It's a part of a new level of growth for Green. He admitted one of the reasons he felt so bad about his actions on Saturday was because he felt like he let his younger teammates down, especially without Curry on the floor.
"It heavily impacts it," Green said Monday, while discussing the changes in the locker room from being an older player to be younger. "Just not having those older vets, per se, to kind of give you that perspective. You just have to find it. It's a completely different situation than I became accustomed to being in or being a part of, but you just have to find it. It's all a part of growth. You're not going to stay the young guy forever."
Part of the reason Kerr and the Warriors continue to be so patient with Green is because they know the adjustment in leadership that continues to take place.
"David West was the guy who could literally physically pick Draymond up and bear-hug him and wrestle him away from a situation," Kerr said Monday. "And he had the respect from Draymond to back that up. This team, you've got younger guys. They might not feel as comfortable doing something like that, so it's a different dynamic, for sure. I think Draymond understands that, we understand that, but there are going to be times, for sure, where we've got to help him keep from crossing that line; it's just how he's built.
"He's so competitive and fiery, he's going to lose it sometimes. And we've got to all try to keep him from crossing that line, but that mostly comes from within."
It's why Curry, who was not on the floor at the end of Saturday's game because he was in the locker room battling an illness, is confident he will be able to get through to Green in the event he has another outburst down the line.
"Absolutely," Curry said. "We've been through a lot of different experiences together, and we have the utmost respect for each other, no matter what we're going through and what the situation is. I can't give you the transcript, but I know exactly how to connect with him and keep him focused. The same for me; he challenges me, keeps me accountable on the court in different ways.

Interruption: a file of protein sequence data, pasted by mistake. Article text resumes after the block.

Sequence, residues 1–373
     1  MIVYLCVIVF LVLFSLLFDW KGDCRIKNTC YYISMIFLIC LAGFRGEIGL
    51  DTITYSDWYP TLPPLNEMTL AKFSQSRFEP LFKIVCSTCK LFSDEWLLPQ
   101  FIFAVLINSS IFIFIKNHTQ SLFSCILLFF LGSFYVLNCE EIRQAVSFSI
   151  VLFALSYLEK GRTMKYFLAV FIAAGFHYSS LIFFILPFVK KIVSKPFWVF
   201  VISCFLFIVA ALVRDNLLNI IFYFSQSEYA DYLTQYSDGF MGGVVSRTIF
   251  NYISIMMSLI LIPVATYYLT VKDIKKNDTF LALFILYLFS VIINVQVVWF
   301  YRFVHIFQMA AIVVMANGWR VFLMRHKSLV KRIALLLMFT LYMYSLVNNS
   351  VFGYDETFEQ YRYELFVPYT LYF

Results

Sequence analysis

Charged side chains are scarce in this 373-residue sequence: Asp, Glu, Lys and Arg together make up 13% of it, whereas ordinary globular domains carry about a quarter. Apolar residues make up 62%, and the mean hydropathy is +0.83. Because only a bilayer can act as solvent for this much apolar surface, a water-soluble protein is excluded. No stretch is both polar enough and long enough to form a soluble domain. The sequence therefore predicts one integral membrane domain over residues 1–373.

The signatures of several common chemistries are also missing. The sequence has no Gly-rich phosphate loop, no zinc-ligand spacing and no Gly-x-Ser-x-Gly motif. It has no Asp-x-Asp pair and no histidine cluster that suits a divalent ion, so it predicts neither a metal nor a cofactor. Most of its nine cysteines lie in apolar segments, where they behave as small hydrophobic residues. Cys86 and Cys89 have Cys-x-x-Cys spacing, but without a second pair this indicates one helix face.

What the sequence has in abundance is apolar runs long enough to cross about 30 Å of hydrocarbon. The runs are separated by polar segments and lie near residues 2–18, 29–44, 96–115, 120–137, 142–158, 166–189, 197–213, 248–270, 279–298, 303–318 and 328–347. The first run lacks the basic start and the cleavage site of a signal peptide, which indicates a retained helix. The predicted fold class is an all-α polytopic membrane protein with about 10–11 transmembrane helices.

"So the way that he's responded in the last two days since says a lot about who he is and holding himself to a high standard and that sense of accountability, and I think it's very genuine. And we rock with him for that, so just keep moving in the right direction."
Green's passion is one of the reasons he continues to be so respected through the years. Knicks coach Tom Thibodeau, who coached Green as a member of Mike Krzyzewski's Team USA staff during the 2016 Rio de Janeiro Olympics, believes Green's energy just needs to be channeled, not muted.
"Steve probably said it best: Sometimes an emotional guy, that's what fuels him, that's what makes him go," Thibodeau said prior to Tuesday's game. "So you don't want to take that away from them.
"Draymond is a special player; you don't want to take that away, but if sometimes it goes over the edge [and] you got to talk to him. But what he brings to that team is very unique and special, and that's what makes that team what it is."
That's why Kerr continues to support Green. If the Warriors are going to get back to where they feel they belong, Kerr knows it is Green's emotions that will help get them there.
"All you have to do is look at his track record," Kerr said. "He was a winner in high school, a winner at Michigan State and a winner in the NBA. So it's just who he is. He's a champion, and he's a competitor and he's a great basketball player -- and sometimes he snaps. That's just the way it is, and we're very happy to have him. We're always going to deal with his outbursts, because at his core, he loves his teammates, he loves the team. He's got a great heart, and he's always going to fight."